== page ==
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Plantgasm - I love plants too much. By Derek Powazek.

The Joy of Out-of-Bloom Orchids

If you want top pick up orchids on the cheap, and you’re feeling lucky, buy them when they’re not flowering. They’re usually half-off or more. The challenge, then, is to get them to rebloom.

I picked up this Paphiopedilum at Paxton Gate here in San Francisco almost a year ago. It was out front, sans-flower, 50% off. I bought it because the leaves were (and still are) beautiful. It was my first Paph.

alien label

This orchid is a hybrid: Paphiopedilum Hsinying Alien x Paphiopedilum Sue Franz. I always take a photo like this when I get a new plant to remember the name.

I repotted him immediately. His roots looked okay, not great. Then I set him in a corner and waited. Months went by. A few weeks ago, I noticed the flower bud beginning. This week, it finally opened. Now I know why one of the parents was named “Alien.”

alien bloom

The really exciting part when you buy out-of-bloom orchids is that you have no idea what the bloom will look like, so when it blooms it’s a joy to behold. This is the first time I’ve gotten to see this guy bloom. I hope it won’t be my last.

If you’re going to buy an out-of-bloom orchid, here are some tips:

Buying any plant is a risk. It may be happy in your home, it may die. But buying out-of-bloom orchids is particularly thrilling because the flower will be a surprise. And they’re much cheaper, so if you kill it, at least you didn’t waste a ton of money.

If you want to give it a try, check your local plant stores. Some grocery stores and florists carry live orchids as well. Ask around – sometimes stores don’t put the out-of-bloom orchids out because they don’t sell. They may have some hidden away somewhere. And as always, tell ’em Plantgasm sentcha!

Have you ever bought an out-of-bloom orchid and gotten it to rebloom? Tell us all about it.

See Also

4 Responses

I use the same strategy but for African violets. I like to buy the most pathetic sad on-sale-for-a-dollar ones I can find at lowes (or sometimes at a real nursery but they are more savvy and don’t kill their plants as casually) and then nurse them back to health. I find it immeasurably satisfying.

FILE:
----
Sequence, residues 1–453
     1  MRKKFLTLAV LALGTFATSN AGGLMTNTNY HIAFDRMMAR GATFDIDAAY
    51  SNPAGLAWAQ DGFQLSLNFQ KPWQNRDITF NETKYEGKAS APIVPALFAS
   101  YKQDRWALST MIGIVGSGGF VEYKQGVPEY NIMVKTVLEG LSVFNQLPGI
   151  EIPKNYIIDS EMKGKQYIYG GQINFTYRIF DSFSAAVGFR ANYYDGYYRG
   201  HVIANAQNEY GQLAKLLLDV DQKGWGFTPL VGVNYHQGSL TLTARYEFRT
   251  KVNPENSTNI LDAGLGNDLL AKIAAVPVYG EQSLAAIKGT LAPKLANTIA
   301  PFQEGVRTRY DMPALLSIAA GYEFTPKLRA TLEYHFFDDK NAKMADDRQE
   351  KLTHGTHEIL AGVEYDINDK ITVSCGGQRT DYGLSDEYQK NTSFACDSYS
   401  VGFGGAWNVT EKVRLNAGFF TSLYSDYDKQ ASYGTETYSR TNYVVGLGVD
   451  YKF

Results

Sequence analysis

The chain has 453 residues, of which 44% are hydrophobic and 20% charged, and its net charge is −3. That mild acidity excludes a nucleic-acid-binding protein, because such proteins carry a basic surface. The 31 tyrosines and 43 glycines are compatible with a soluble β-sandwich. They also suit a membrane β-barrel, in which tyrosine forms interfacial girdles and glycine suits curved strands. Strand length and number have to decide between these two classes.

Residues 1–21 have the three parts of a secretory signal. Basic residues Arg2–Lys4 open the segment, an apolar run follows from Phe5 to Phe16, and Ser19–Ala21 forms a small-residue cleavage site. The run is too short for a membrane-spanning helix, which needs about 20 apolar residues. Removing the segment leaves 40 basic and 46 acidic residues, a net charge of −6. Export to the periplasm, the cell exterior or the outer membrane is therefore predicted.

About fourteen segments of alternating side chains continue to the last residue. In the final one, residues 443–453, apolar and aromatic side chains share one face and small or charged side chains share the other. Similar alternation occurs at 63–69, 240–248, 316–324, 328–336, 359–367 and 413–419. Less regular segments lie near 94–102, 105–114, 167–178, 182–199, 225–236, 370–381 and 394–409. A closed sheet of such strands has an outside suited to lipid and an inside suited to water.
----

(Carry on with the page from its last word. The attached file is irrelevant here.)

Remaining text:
Posted by cw on 4 September 2011 @ 4pm

Hey Derek!
I have had a lot of success getting oncidiums, encyclias and phals to bloom but haven’t grown paphs before! For me the secret is giving them enough light, pure and simple. I get about two blooms a year from my oncidiums and on average about 1.5 blooms a year from my encyclias. Phalaenopsis are great because they bloom on the same stalk and even put out a keiki once in a while. PS… the Dracaena fragrant is thriving btw! I’ll have to show you a picture soon.

Posted by Steve Asbell on 4 September 2011 @ 4pm

Wow, what a beautiful flower! Reminds me of Predator’s jaws. I have always been hesitant about buying orchids, but it’s great to find a list of what to look for.

Posted by Michaela Walkup on 6 September 2011 @ 9pm

When I was given my orchids they were all all out of bloom. I have a couple of varieties (of which I am not totally sure their variety – still learning) and one recently bloomed.

The orchid is a Paphiopedilum (thank you Derek for ID), the exact variety is unknown (my friend who gave them to me did not retain the plant ID stakes).

I must have made every mistake one can make with an orchid – orchids are new to me. I added, GASP! potting soil (I know, I am lucky they are still alive), I left them out in full sun, until I noticed they didn’t look very happy (go figure), and it was time help them.

I did a lot of research, re-potted them with a good orchid bark, moved them to a better spot in the house (indirect sunlight w/ good air circulation) and watered every 7 – 10-days (deeply) and am now being rewarded for my efforts to right my wrongs by this beauty of flower:
I am super happy!

Posted by Noah Froio on 24 September 2011 @ 11am


Plantgasm is where Derek Powazek chronicles his botanical antics and misadventures. More.